Liked by 1 person

  2. The misconception with love and mountaineering is that it is a battle between adventure and settling down, and this really isn’t the case if you find the right person. It’s okay to be single, but you should first know if you’re single because you want to be or because you’re afraid to give something up in exchange for a relationship.

    Liked by 1 person

    • Finding partners who can handle a mountaineer’s life is a challenge, but they exist. However, I always say the bigger challenge is not finding a capable partner, but actually letting it happen and letting yourself be loved when you find one. Congrats on your love story Dr. B. ! I am very glad you enjoyed the article (and for lending some support to my claims that it is totally possible!)

      Liked by 1 person

      • Thanks CJ, it is certainly possible though when we married Dr C had never been on a mountain in her life despite seeing the biggest in the world as she grew up! But I guess our life understanding has gone beyond mountaineering over 45 years. For example we have never had separate bank accounts, cook together, share everything etc. But tolerance has been paramount for example my disappearing into the Alps or

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          • I agree you were quite lucky to find your soulmate. But much of that credit must go to you as well. You mentioned you share everything. Your openness and willingness to be loved help when you disappear, because no matter where you go, you’ve given her the tools and binding experience to know she’s always got all of what makes you “you” with her at all times. The number one cause of failure in these relationships is the idea that the partner is always second, sharing the man with the mountain. But that usually stems from not giving a whole heart when they are home, a mistake many climbers make. Kudos to both of you!

            Liked by 1 person

  3. Like Matthew wrote above. “If your reason for being alone is because you don’t want to fight or constantly decide between love and climbing, then you don’t really want to be alone. You just don’t want to have to choose, which is different.” is one of the wisest things I’ve ever heard.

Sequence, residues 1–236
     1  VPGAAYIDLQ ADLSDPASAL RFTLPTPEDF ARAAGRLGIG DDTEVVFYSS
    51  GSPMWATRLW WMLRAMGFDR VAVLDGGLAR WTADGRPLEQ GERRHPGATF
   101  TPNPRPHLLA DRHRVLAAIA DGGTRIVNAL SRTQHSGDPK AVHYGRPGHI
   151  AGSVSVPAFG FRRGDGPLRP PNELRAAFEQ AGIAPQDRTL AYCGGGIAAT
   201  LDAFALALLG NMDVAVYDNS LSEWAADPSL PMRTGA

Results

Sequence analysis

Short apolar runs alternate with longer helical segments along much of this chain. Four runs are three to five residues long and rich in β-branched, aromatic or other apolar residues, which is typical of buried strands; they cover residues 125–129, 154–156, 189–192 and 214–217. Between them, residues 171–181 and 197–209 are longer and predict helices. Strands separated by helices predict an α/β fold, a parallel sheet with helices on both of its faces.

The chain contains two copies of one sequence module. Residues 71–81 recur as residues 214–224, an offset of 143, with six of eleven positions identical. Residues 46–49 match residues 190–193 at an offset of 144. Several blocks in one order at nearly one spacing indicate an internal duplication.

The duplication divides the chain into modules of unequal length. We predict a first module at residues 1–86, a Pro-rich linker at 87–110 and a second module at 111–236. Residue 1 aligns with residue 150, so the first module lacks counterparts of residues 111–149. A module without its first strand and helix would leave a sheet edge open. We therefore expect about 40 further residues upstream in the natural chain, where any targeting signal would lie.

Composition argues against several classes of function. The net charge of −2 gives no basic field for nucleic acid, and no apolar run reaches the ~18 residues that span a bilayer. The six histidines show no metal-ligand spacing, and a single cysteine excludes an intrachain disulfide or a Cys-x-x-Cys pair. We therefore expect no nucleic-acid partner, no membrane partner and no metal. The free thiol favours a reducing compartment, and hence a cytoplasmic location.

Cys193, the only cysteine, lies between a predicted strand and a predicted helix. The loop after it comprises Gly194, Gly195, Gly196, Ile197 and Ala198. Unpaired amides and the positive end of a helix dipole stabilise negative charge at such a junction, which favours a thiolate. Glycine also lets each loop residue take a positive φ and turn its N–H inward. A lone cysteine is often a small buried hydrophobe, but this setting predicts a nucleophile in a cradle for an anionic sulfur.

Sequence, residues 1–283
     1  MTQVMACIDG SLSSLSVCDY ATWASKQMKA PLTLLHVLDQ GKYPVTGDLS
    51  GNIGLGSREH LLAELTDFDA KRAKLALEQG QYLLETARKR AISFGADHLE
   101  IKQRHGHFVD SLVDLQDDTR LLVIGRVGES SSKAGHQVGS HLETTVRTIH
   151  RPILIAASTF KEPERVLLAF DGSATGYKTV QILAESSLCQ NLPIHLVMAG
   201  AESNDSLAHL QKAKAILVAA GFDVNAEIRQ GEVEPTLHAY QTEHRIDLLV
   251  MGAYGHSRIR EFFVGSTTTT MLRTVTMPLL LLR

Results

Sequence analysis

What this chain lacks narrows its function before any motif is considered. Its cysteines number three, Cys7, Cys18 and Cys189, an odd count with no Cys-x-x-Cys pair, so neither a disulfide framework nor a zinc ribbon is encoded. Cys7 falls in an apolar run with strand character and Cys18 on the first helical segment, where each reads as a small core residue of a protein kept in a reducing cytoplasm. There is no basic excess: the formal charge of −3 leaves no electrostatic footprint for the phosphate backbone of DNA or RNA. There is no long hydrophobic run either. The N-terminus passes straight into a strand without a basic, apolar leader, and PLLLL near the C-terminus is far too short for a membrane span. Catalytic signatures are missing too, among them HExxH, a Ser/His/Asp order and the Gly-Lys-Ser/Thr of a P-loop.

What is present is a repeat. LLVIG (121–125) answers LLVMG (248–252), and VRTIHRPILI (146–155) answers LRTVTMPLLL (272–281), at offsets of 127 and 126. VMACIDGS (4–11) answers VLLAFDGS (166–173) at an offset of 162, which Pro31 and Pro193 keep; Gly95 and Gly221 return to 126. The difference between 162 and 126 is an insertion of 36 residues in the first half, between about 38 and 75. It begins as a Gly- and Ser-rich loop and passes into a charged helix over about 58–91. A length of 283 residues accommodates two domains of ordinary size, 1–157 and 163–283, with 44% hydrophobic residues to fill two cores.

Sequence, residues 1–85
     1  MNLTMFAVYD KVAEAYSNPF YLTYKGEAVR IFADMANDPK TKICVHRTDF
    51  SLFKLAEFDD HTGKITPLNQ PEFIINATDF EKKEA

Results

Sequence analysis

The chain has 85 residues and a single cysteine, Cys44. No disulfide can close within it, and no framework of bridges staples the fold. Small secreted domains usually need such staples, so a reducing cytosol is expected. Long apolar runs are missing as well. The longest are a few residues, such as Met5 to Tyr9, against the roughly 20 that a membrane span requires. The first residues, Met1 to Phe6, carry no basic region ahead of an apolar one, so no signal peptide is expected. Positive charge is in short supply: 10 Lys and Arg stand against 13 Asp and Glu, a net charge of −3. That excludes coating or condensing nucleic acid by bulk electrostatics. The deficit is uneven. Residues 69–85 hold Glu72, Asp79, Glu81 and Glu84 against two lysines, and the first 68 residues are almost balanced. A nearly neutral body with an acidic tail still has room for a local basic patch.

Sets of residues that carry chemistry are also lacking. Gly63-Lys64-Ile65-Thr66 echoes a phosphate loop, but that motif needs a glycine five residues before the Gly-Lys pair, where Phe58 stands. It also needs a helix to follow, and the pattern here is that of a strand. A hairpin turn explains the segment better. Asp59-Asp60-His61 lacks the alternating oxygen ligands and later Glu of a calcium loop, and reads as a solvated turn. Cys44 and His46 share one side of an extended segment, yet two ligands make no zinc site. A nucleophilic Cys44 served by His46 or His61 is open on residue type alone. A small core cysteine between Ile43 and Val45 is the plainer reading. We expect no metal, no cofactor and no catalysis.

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    • Unfortunately Clair too many climbers live by this first part and NEVER allow anyone into their heart. I dated one before, and I was told “I want you to have a better life with someone who will be there for you all the time.” And he left me and remained single for like forever. So I agree with this part “This is when you must make a small sacrifice and not make a decision you have no right to make. If there is love, if there is understanding and there is acceptance, you have no right to decide whether or not they get to love you because you fear letting them down. You have to let them make that decision for themselves, and if they choose to stay, then you just accept it and be loved, pull down the wall.”

      How did he know if I wanted someone there for me all the time? Maybe I wanted someone there for me as often as he was and nothing more. Besides, I’m a woman not a child. I don’t need to be always in your presence to know you love me. Long story short, from someone on the other side I can say that what is more crushing is having someone make such a heartbreaking decision for you, not losing them to the mountain. It makes you feel helpless when you love them, you know they love you and they just pull your heart out of your chest and take it with them when they leave.

      Like

  4. I stopped climbing long before I met my wife but I’m confident that had I continued I’d have had no problems balancing life with her and climbing because she’s always (25 year of marriage) said: “A good husband is a happy husband.” She would have sat in El Cap meadow with a spotting scope and watched me do the Nose in 1976 (or so) and might have even hiked to the top with a watermelon to meet me.

    Liked by 1 person

  5. Pingback: Dealing With Post-Expedition Depression | Base Camp Magazine·